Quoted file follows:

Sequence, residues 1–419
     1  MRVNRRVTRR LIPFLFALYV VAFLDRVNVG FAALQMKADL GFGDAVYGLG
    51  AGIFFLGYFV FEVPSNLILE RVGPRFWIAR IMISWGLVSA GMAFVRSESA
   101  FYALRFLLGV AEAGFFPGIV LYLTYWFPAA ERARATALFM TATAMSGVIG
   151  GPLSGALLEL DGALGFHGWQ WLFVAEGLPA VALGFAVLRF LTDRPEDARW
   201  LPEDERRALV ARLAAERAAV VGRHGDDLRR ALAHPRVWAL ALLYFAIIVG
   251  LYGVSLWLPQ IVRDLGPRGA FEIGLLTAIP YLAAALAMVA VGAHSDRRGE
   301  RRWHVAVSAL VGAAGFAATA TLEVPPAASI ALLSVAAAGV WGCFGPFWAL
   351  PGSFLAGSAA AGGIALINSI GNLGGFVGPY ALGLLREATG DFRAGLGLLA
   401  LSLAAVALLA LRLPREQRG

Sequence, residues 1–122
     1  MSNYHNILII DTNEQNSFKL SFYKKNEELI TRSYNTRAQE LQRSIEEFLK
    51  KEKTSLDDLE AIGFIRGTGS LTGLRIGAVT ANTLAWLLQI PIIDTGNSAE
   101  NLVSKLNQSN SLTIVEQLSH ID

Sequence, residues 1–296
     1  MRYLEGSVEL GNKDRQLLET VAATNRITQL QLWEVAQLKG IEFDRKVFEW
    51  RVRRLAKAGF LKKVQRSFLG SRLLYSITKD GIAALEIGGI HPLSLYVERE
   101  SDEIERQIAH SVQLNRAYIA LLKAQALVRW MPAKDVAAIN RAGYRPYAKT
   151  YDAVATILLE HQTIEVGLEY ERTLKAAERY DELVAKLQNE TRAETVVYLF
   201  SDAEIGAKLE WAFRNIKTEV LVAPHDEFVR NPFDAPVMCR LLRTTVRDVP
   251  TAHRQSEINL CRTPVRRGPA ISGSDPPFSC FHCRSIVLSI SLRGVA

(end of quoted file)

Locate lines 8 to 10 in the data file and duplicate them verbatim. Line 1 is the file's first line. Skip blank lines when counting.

   301  RRWHVAVSAL VGAAGFAATA TLEVPPAASI ALLSVAAAGV WGCFGPFWAL
   351  PGSFLAGSAA AGGIALINSI GNLGGFVGPY ALGLLREATG DFRAGLGLLA
   401  LSLAAVALLA LRLPREQRG